Now I and Karla have a big appeal which is close to my heart. Max Eckstein12 in Tel Aviv is seriously ill and needs help. He is not in a position to earn anything and the situation is apparently desperate. I beg you to minister to him; consider it as if you are helping me. I believe that you should visit him right away and I am sure that you will do everything in your power to help this brave young man to get on his feet again. It wouldn’t be only a great Mitzvah, but it would make Karla and me happy if I knew that you do it wholeheartedly. As far as I can judge the situation, he needs thorough treatment in a hospital or rehabilitation home. Please don’t be discouraged by his delicacy of feeling, tell him that you act on my behalf.

    I hope to hear from you soon. Best regards13 to Lazi.

            Your devoted Uncle Karl

                  (View German transcription)

 

Translation by Anne L. Fox and Daniel Gillis, edited by Brigitte Balkow and Ursula Eckelmann of Sütterlinstube, Hamburg, Germany

Handwritten by Karl Jellinek on his insurance business stationery, which identified him as “Insurance Broker,” with the State Mutual Life Assurance Company’s Julius Selling Agency in downtown New York City.

Footnotes

1. Karl has reverted to his earliest nickname of “Gisa” for Gisella Nadja; he addressed her as “Nadja” in his 1938 letters.

2. Karl’s wife, originally named the Yiddish name of “Kreindel,” was called “Carla” (also spelled Karla) in Vienna. Gisella Nadja would therefore have known her as Carla. In any case, Karl continued to prefer calling her Carla in New York, even though, Carla changed her name, once again, to the more American-sounding Caroline.

3. it is not written whether Gisa is the owner of the cafe; she is the person who runs the cafe.

4. The German word “Mißton” that is translated here as “misunderstanding,” can also be translated as “dissonance” or “discordant note,” and the German words “in das beste Verhältnis,” translated here as “into the best relationship,” can also be translated as “under the best circumstances.” But however these last sentences in this paragraph are translated, the generalized negativity about women’s ‘capabilities’ that Karl expresses, even if derived from his legal experience, is likely not to have been appreciated by Gisella Nadja, (or present day readers!).

5. Karl is referring to his younger brother, Max Jellinek, who escaped from Vienna to Shanghai and finally, a sick man, was able to leave Shanghai for Australia in 1946. See Max’s Bio.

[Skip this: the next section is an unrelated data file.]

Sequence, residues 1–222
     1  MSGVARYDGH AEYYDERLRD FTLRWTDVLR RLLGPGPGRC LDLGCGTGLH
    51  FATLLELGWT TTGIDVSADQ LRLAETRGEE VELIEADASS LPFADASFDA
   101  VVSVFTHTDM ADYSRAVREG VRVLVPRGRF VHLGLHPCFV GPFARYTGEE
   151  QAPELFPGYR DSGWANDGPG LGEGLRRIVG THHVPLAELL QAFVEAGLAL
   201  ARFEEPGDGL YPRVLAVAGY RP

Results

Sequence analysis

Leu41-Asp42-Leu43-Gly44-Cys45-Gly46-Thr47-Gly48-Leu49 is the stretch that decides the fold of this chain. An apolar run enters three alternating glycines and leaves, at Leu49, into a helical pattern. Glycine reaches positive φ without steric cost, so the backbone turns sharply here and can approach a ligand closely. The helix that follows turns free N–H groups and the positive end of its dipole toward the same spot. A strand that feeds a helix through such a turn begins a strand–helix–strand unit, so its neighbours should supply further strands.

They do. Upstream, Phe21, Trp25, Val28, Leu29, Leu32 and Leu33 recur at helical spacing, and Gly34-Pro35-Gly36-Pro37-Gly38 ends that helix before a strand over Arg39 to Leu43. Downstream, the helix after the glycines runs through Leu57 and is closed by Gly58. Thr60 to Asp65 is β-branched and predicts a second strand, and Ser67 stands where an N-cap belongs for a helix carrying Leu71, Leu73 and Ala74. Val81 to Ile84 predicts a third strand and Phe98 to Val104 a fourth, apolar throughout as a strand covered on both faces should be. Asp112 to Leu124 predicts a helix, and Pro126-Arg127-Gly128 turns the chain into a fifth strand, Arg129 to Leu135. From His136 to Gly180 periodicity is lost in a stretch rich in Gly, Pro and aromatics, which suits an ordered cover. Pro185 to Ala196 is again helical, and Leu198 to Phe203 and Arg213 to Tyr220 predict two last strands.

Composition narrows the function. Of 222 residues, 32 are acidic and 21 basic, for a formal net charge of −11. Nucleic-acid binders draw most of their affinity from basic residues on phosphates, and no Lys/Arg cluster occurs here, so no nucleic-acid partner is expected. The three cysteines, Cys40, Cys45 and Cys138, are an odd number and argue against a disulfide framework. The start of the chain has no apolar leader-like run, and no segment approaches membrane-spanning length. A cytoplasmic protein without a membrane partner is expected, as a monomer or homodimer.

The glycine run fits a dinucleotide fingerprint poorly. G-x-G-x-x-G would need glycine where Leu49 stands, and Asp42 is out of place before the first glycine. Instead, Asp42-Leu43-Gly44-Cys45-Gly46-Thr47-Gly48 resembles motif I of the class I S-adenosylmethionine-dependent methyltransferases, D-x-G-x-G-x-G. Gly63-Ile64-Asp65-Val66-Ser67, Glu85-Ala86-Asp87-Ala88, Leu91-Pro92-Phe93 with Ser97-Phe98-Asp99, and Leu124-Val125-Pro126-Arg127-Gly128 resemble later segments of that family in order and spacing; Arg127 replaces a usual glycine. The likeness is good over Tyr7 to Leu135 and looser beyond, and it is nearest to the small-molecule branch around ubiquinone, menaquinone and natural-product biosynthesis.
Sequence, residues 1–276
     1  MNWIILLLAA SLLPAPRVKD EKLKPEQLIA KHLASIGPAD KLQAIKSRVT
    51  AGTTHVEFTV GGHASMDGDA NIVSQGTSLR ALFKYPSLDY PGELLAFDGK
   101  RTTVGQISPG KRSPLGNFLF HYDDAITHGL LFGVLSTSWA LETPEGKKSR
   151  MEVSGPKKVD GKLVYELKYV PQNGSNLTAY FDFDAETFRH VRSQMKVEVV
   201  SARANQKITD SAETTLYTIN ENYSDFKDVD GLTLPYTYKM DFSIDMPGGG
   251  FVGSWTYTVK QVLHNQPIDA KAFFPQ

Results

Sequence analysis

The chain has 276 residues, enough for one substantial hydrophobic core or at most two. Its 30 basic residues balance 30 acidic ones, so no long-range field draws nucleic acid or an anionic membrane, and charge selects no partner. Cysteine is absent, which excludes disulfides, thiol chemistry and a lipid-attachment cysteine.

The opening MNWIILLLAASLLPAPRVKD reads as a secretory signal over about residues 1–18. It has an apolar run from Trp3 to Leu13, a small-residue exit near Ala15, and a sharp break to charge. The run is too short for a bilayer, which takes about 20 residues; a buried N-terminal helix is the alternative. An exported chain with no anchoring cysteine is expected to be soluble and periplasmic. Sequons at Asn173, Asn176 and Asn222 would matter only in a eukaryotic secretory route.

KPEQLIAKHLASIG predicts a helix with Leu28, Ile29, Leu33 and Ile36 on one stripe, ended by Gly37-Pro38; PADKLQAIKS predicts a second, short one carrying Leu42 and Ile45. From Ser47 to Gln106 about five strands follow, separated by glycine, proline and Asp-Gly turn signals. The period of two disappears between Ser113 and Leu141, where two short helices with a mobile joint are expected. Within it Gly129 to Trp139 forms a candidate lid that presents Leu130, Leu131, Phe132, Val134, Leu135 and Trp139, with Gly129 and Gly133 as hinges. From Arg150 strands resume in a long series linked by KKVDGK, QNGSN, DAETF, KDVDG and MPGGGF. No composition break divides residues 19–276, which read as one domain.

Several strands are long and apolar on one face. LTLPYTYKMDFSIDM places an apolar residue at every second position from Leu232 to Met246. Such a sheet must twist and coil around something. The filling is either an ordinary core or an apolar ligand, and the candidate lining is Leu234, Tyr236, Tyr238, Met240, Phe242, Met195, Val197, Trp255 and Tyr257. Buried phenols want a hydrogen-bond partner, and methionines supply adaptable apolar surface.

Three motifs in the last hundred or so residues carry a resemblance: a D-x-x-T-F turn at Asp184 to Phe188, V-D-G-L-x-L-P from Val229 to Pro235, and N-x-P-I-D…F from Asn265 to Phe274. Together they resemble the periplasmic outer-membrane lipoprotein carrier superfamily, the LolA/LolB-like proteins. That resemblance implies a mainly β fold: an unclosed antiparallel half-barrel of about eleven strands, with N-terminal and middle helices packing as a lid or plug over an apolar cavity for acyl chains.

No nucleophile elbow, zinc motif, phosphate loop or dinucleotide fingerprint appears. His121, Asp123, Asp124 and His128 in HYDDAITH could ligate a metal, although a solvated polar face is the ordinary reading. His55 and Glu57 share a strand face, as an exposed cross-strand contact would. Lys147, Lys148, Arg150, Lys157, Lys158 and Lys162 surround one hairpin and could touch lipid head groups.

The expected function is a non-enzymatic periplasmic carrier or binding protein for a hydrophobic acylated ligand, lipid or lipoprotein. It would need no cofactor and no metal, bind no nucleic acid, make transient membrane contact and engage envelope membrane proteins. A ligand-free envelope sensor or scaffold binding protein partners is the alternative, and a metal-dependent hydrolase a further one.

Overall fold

6. Siegfried Jellinek was Erich's father, and “the thriftiness from Hirschensohn's” refers to Erich’s mother, Martha Hirschensohn Jellinek.

7. Stella Pollak Jellinek was Max Jellinek’s wife. During the war, they separated; Max found refuge in Shanghai, China and Stella survived the Holocaust in Mandatory Palestine.

8. Karl is most probably referring to Gisella Nadja’s clandestine activities in Lechi, the underground Zionist organization fighting to expel the British forces from Palestine and establish an independent Jewish state.

9. Erez (or Eretz) denotes Erez Israel, (Heb. אֶרֶץ יִשְׂרָאֵל and is the Hebrew name of the Land of Israel. The meaning of the term Erez has varied since its Biblical origins; however, it was the official Hebrew designation of the area governed by the British mandate from 1919 until 1948.

10. Dov Gruner was hung by the British regime in Mandatory Palestine for taking part, as a member of the staunchly Zionist, Jewish underground group, Irgun, in an armed raid on a British arms depot and on a police station. Gruner refused to recognize the legal or moral authority of the British court, nor admit guilt and would not “ partake in his own defense . . . [or] co-operate with counsel. . . “ His only regret as he faced his death, was that he had not “. . . succeeded in achieving enough” in bringing about a sovereign Jewish state. See: https://en.wikipedia.org/wiki/Dov_Gruner

11. See Hugo Jellinek’s and Siegfried Jellinek’s Biography pages for more information on their own tragic fates, as well as the fates of Hugo’s two younger daughters and Siegfried’s son, Erich. Erich managed to survive the horrific abuse that he endured at Auschwitz between the formative ages of 18 - 21.

12. Max Eckstein (c.1912 - 1990) was Karla’s brother; thus Karl’s brother-in-law. Karl and Karla had helped Max get from Vienna to Mandatory Palestine before the war. Max lived in Mandate Palestine and then the State of Israel for the rest of his life.

13. literally: many greetings